Four city workers in a warehouse walking towards snow plows

See how the City is prepared for cold weather, and where you can go to warm up if needed. 

February 22, 2022

Homelessness Services Association of BC (HSABC) Extreme Weather Response Program

Homelessness Services Association of BC (HSABC) is contracted by BC Housing to manage the Extreme Weather Response Program in Surrey. HSABC provides the latest information about extreme weather shelter activations including which shelters are open when an extreme weather response alert is issued, triggered by factors including:

  1. Temperatures at or below 0 degrees Celsius
  2. Significant snow accumulation or sleet/freezing rain conditions
  3. Significant windstorms
  4. Periods of extended heavy rain
  5. Temperatures near zero degrees with rainfall
  6. Temperatures reported as ‘feels like’ zero degrees Celsius or below with wind chill considerations
  7. Weather Alerts as issued by Environment Canada

As of December 24, a new Extreme Weather Response shelter will be open at the former North Surrey Recreation Centre.

Cold Weather Relief Locations

In addition to the extreme weather response program, the following City of Surrey civic facilities are available to anyone seeking relief from freezing temperatures. Operating hours vary based on location. 

All facilities meet strict health and safety guidelines as set out by the Provincial Health Officer, Worksafe BC, Fraser Health and appropriate industry associations. Many additional COVID-19 safety measures have also been implemented in our facilities to ensure user safety.





South Surrey 

Whalley/City Centre 

Winter Road Preparedness

City of Surrey road crews are ready for winter. Fleets have been winterized, response technologies have been enhanced, and salt supplies have been topped up to help everyone get around safely when cooler weather hits. The City’s winter road preparedness strategy includes: 

  • A winter maintenance fleet of 74 units that are ready to clear snow and de-ice over 4,000 kilometres of roads.

  • Three strategically located material-handling facilities to help our crews work faster.

  • Multiple technologies working together to establish the strongest municipal snow-fighting network in the province. Systems include the Road Weather Information System, Traffic Camera Network, and GPS Turn-by-Turn Route Assistance.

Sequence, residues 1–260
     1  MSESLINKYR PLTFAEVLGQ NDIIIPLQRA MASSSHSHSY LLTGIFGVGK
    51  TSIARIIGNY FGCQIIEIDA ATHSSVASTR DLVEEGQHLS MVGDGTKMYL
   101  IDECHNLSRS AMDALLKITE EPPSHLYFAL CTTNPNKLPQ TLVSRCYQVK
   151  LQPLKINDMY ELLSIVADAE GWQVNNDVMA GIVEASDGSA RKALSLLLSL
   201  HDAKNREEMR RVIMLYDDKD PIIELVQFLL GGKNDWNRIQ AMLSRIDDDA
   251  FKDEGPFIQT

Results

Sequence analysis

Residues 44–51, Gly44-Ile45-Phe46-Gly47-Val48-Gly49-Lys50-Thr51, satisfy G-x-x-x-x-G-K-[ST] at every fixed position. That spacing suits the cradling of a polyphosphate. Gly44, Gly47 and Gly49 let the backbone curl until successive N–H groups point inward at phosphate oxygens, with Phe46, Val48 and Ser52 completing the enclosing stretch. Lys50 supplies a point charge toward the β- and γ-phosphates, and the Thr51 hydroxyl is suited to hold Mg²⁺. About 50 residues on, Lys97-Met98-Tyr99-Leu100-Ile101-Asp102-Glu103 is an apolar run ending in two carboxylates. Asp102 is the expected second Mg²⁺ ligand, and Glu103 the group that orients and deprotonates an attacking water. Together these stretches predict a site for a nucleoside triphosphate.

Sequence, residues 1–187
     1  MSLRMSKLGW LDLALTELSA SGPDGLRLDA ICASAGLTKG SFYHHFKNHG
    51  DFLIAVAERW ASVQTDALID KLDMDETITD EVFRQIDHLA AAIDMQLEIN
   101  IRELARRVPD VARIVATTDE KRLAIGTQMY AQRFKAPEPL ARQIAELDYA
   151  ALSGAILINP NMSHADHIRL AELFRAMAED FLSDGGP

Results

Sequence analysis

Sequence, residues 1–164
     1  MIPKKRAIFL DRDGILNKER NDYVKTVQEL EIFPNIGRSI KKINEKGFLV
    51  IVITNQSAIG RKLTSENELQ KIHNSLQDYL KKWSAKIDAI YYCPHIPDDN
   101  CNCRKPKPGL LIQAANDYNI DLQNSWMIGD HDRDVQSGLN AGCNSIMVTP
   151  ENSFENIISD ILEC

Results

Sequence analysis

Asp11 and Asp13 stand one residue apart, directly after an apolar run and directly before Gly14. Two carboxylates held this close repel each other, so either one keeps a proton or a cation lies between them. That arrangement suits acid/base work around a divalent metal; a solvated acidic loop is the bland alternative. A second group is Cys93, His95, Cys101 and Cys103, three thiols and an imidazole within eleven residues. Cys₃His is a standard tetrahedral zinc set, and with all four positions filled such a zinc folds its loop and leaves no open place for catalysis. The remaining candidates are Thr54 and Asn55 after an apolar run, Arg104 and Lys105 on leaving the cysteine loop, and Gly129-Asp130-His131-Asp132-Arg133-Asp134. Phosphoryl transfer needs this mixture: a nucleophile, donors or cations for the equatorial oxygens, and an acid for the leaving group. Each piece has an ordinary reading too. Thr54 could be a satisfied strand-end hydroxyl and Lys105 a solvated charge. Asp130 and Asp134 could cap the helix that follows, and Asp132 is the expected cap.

• Tools to help residents make informed travel decisions based on snow clearing priority routes. These include the Snow Removal Address Look-up,  Surrey Plow Tracker, and Traffic Data Hub

Priority Routes

The City’s focus is keeping priority roads as clear as possible to support public safety, emergency service vehicles and public transit.

The City clears roads based on priority:

  • Priority 1 roads include arterial roads, major collector roads, bus routes and hilly areas.

  • Priority 2 roads include access routes to secondary roads which connect local traffic with arterial or major collector roads.

  • Priority 3 roads include the remaining residential roads. The roads are addressed once all other roads are cleared.

Winter Weather Safety Tips

Stay safe, and avoid injuries this winter with these tips from Fraser Health:

Tips for Keeping Sidewalks & Streets Safe

When winter weather strikes, we all have a role to play in keeping sidewalks and streets safe. Residents and business owners can support each other by keeping sidewalks safe and following smart driving safety tips.

  • Clear snow and ice from sidewalks next to your property by 10:00am every day. Avoid pushing snow onto street to keep our roads safe and accessible.

  • Clear storm drains of leaves and snow to prevent flooding and icy road conditions if temperatures hit freezing. 

  • Help make waste collection easier and more efficient by clearing carts of snow and ice.

  • When walking, wear lights and/or reflective clothing, always use a crosswalk, and make eye contact with drivers to make sure they see you. 

Driving Safety Tips

  • Make sure your vehicle is winter-ready. Get it checked by a mechanic and have good winter tires on before heading out.
  • Have a roadside emergency kit, shovel and salt or sand in your vehicle, just in case.
  • Leave yourself more time to get where you’re going. It’s harder to see and takes longer to stop when roads are snowy and slippery.
  • Slow down, watch for people walking and be prepared to stop when turning or entering a crosswalk.
  • Drive to road conditions, keep your distance and stay focused on the road, avoid any distractions.
  • Make sure your headlights and taillights are on at all times so other drivers and people walking can see you.
  • Always check road conditions before heading out. Plan your trip in advance and use well-travelled roads to avoid areas with heavy snow and ice. If you feel unsafe to drive, find alternative modes of travel. 

Visit for additional winter preparedness tips and information.

Report Snow & Ice Problems

Report non-emergency snow and ice service requests online at or by calling 604-591-4152.